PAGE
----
Today’s popular mantra is that you need a good culture to be successful. Culture, we’re told, is essentially everything. This has been echoed by various leading thinkers within our industry for the last 30 to 40 years.
But have we gone too far? Have we instead strayed towards developing ‘cults’ rather than ‘cultures’?
The Manufacturing Institute’s Leadership and Enterprise Excellence Coach, Adam Buckley, asks if now is the time for a different change of culture…
What is culture?
Organisational culture is a collection of behavioural standards, values and expectations used to guide members of an organisation. Part of the challenge companies have is to try and get employees to adopt or follow the rules associated with those standards.
This is where the line is blurred between culture and cult. I think many businesses are actually going to too much of an extreme.
Cult or culture?
Take a moment to consider how many of the following points apply to your organisation:
- All-knowing leadership
- Compliance with the group
- No room for differences
- Individualism is discouraged
- Feeling like a ‘cog in the wheel’
- Company language and rituals, including compulsory chants and cheers
If any of those points stand out to you, this could be a sign of a bad company culture.
The need to define and control
Over the years, our organisations have developed a kind of straightjacket, which is reflected in the organisational structure. This is the same hierarchy used to put people in boxes. Together with elaborate rules and procedures, people get treated more as puppets. Their behaviour is increasingly controlled, and they are encouraged to follow norms, standards, rules and protocols.
We naturally look to define and control behaviour. But when a company takes away an employee’s ability to be an individual, they tend to become more robotic.
What’s more, this is in direct contrast with the way the world is evolving.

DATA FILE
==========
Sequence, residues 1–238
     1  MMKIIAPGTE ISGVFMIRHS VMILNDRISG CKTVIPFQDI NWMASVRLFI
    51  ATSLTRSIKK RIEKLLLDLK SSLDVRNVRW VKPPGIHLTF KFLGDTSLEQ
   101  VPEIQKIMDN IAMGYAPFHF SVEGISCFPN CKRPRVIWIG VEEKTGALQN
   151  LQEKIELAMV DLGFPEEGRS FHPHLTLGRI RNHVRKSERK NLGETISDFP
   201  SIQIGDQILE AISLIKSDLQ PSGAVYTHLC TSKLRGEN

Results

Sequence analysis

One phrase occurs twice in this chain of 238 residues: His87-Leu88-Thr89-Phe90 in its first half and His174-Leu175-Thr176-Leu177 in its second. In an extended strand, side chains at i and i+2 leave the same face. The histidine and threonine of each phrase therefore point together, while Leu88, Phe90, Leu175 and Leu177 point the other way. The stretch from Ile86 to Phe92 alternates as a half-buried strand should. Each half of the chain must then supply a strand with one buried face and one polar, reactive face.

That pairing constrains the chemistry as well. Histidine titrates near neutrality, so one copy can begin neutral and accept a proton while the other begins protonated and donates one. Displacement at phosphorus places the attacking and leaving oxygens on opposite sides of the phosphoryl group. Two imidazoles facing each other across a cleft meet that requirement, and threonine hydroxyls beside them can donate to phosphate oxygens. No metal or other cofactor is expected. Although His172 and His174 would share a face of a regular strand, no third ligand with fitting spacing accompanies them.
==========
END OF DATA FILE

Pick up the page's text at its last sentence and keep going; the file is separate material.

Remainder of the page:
The impact of globalisation
Globalisation is beginning to have a massive influence on organisations and their decision-making. Companies are slowly recognising that they’re being confined by this straightjacket, and are making a conscious effort to break out of it.
When an organisation diversifies its operations, we start to see people from different ethnic backgrounds and social cultures come together. We also begin to see different generations joining organisations, from baby boomers and Generation X to millennials and centennials. Needless to say, the different needs and wants of those generations are changing the dynamics within organisations, causing them to become far more virtual.
Because of the disparate nature of the workforce today, we can no longer sustain culture in its classic sense. It relies too heavily on constraint and order. So, is community the new culture?
Communities strengthen businesses
It goes without saying that people long for community. They want to be part of something that gives them a voice and an opportunity to be heard, whether that be through social media, sports, religion or even politics.
Although it has certainly caused disruption across all industries, one thing that’s accelerating the need for a focus on community is the COVID-19 pandemic. I’ve worked with many organisations during this time, and I’ve seen leaders and managers adapt to being unable to physically direct people. Rather than this having a negative impact, many of their employees have taken charge – and performance has actually improved.
This proves that a virtual community and sense of trust is strengthening businesses, causing them to evolve dramatically in line with the world at large. By exploiting diversity and individualisation, we can challenge ourselves and become more creative and innovative.
Leadership in the virtual age
Of course, this idea of community is nothing new. If we look back to the Industrial Revolution, we can see that community was the backbone of building businesses – whether they were in wool or textiles, shipbuilding or coal mining – as well as our economy. The difference today is that we are talking about community being virtual, rather than potentially physical.
I believe that the best businesses don’t push culture, they build communities. If you’d like to learn more about driving this kind of change within your organisation, enrol on our leadership development bootcamp. It explores lean manufacturing techniques and interpersonal skills, and is perfect for managers, supervisors and senior members of staff who want to lead their team to success.
At this moment in time the course is only available virtually, although we hope to continue our face-to-face classroom sessions in 2021. Get in touch today for more details.More News